“This violence of landscape, this cruelty of climate, this continual tension in everything, and even these monuments to the past, magnificent yet incomprehensible because not built by us . . . All these things have formed our character, which is thus conditioned by events outside our control as well as by a terrifying insularity of mind.” So did Giuseppe Tomasi di Lampedusa famously define the national character of his fellow Sicilians in Il Gattopardo (The Leopard), his one and only novel, posthumously published in 1958. The historical fresco, which also inspired Visconti’s sumptuous film version of The Leopard in 1961, stands in the still centre of Steven Price’s latest novel. Lampedusa unfolds at a slow, solemn pace, meandering through the last two years in Tomasi’s life, which the writer spent wrestling against lung cancer while completing the novel that would ultimately become one of the masterpieces of the postwar era. The monster feeding on Tomasi’s vitality is a shape-shifter whose growth comes to evoke the disease eating through the writer’s wasted body, but also the creature of words taking up all the space inside his mind, as well as the decomposition of the old continent that once witnessed the rise of a most brilliant civilization.
Although Lampedusa cultivates the elegant melancholy of Thomas Mann’s Death in Venice, it stops short of the latter’s despair. Price’s dazzling evocation of the Mezzogiorno, and of the legacy of the many writers who, like Stendhal and Goethe, sought inspiration in its stark contrasts, could be read as a monument to a defunct humanist ideal. This is especially true today, when the name of the island of Lampedusa no longer calls to mind images of superb princely isolation, but instead images of Mediterranean shores strewn with the drowned bodies of illegal migrants in bright orange safety vests. The novel, however, does not venture to explore the tragedy of Europe’s recent isolation, but stops in 2003, with the discovery of a letter in Tomasi’s own hand that the prince entrusted to the endpapers of The Voyages of Captain Cook, in the private library of his Naples palazzo. The message went on a still journey that lasted almost half a century before it reached its destination—the prince’s adoptive son, Gioacchino Tomasi, whose gift of youth illuminates the last months of Tomasi’s life. The epilogue confirms that Lampedusa is most of all concerned with transmission and the tracing of the wayward circuits that give us an intelligence of the world. Most prominent among them are the exquisite detours through which literature enables human beings to connect across vast expanses of time and space, in defiance of the temptations of insularity.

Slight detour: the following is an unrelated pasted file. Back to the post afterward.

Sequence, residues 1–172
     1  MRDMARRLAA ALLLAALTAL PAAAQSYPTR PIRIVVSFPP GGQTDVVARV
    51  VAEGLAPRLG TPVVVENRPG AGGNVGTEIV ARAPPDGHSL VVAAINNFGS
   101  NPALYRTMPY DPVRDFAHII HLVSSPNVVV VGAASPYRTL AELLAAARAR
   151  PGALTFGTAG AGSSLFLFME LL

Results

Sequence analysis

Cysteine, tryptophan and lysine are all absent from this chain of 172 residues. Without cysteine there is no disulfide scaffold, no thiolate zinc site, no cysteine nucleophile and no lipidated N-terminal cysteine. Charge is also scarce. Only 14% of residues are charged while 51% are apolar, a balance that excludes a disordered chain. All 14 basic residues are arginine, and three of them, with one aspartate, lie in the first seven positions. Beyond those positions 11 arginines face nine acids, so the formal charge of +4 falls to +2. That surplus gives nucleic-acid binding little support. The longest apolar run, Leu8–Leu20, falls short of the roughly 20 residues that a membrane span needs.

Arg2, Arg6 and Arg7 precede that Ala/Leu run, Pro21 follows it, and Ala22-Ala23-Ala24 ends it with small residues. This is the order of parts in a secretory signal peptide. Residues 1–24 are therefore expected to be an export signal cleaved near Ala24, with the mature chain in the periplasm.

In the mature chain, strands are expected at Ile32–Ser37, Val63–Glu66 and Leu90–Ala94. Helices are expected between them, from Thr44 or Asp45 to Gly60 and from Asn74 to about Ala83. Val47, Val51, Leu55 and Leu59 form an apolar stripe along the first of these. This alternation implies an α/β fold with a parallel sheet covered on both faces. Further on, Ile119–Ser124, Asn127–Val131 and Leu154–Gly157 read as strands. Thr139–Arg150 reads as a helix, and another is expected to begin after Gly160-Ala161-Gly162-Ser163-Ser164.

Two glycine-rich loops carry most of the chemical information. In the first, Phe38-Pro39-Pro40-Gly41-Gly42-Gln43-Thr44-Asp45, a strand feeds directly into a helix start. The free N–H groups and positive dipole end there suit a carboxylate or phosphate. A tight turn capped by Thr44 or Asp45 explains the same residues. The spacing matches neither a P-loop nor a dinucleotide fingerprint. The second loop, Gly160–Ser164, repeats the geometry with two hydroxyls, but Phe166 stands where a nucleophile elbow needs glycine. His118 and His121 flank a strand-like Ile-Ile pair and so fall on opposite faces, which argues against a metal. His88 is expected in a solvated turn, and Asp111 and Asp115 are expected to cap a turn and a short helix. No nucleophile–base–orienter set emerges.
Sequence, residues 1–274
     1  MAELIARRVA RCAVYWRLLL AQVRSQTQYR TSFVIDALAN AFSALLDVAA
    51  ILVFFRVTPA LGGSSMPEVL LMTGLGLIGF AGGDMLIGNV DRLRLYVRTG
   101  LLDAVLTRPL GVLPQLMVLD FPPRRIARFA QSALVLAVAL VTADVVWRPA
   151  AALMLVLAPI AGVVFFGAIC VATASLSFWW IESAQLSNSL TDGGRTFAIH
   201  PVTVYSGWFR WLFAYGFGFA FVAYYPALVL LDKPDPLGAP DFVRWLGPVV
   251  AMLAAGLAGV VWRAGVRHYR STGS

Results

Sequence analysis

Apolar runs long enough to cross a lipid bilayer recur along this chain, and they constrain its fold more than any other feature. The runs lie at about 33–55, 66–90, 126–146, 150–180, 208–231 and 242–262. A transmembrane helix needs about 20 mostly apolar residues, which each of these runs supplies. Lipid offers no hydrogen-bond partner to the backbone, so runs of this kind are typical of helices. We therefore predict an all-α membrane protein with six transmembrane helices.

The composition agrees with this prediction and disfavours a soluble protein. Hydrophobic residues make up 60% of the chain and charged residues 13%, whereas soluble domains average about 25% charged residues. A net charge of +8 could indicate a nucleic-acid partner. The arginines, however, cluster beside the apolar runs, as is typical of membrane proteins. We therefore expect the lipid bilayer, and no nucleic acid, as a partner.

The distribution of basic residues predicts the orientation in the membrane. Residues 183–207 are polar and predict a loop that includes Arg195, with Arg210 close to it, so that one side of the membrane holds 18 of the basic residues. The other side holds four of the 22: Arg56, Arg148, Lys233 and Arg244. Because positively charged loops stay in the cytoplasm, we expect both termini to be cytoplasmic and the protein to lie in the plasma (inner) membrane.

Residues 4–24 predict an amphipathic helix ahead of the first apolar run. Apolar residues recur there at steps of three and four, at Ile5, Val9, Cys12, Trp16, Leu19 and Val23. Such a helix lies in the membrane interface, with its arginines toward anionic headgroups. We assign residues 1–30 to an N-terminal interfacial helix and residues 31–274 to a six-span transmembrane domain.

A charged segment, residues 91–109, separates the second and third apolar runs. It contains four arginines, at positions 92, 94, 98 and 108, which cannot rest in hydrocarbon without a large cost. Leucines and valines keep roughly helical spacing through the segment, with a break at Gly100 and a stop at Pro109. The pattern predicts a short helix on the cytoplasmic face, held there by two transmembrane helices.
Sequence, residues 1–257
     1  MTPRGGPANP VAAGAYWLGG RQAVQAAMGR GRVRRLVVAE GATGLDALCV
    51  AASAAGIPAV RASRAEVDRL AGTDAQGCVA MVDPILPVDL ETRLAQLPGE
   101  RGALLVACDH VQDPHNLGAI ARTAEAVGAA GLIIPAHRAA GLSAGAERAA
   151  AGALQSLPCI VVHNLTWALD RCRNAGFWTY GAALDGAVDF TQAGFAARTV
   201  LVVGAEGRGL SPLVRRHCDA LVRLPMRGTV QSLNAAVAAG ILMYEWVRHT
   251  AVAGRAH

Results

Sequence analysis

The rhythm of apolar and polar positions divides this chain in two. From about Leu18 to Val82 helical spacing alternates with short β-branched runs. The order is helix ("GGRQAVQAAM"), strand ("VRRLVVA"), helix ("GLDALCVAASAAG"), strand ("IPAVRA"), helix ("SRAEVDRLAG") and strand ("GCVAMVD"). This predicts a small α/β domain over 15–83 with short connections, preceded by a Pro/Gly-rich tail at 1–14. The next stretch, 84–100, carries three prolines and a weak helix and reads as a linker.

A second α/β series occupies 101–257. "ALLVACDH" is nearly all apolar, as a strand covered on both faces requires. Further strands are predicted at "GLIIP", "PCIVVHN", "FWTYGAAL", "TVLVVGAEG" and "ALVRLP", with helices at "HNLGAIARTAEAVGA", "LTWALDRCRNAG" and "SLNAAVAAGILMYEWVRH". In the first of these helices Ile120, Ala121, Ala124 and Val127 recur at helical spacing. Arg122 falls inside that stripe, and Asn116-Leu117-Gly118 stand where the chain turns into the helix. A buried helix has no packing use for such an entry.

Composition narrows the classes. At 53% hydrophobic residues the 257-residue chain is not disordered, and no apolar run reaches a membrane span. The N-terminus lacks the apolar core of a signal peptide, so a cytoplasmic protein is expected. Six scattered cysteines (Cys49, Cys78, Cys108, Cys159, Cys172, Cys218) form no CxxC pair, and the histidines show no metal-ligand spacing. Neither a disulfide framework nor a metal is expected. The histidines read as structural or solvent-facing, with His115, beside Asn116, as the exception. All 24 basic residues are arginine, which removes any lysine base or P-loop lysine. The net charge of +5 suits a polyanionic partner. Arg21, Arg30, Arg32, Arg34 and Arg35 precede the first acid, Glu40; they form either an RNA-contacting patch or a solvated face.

Michael Crummey’s The Innocents takes place in another sea-locked universe: a small cove on the northern coast of Newfoundland where two young children survive through seasons of hardship after their parents and baby sister succumb to a sudden disease. “Violence of landscape” and “cruelty of climate” are only two of the shaping forces the orphans need to confront to remain alive in circumstances of extreme deprivation when the poorly salted cod has softened into a green mush, all other supplies are gone, and the winter drags on.
With The Innocents, Crummey enlarges the exploration of a sensorial connection to the land that has been the hallmark of his writing since Sweetland’s memorable tale of impassioned resilience. But although this is also one of the most captivating aspects of The Innocents, it would be reductive to view this novel as just another astounding story of survival. The narrative takes on a remarkable inward turn to observe the formation of the boy’s and his sister’s contrasting temperaments, their mental isolation, shy intimacies, and fumbling attempts at fighting off remoteness to earn admission into the society of their fellow creatures, whose rituals and customs they glimpse from afar on the ships and among the crews that periodically visit the cove. The siblings navigate the dangerous passages into adulthood without any maps and with little adult guidance. Their parents left behind scanty memories, among which is a troubling, throbbingly erotic jam-making scene, and only a handful of relics bind the two children to a lacunary, layered past that bemuses them—a silver button with an engraved fleur-de-lys, a “Red Indian” bone pendant, and the length of knotted string a midwife left behind as a charm against unwanted pregnancies. Crummey ties these strands firmly into a narrative which possesses the strength and pliability of the fishermen’s ropes that serve as the novel’s central trope, ultimately creating a rich, vivid tapestry, a moving homage to the tiny lives and stubborn wills that have left enduring traces on the shores of Newfoundland and in the imagination of its inhabitants.
Canadian Literature is a participant in the Amazon Services LLC Associates Program, an affiliate advertising program designed to provide a means for us to earn fees by linking to Amazon.com and affiliated sites.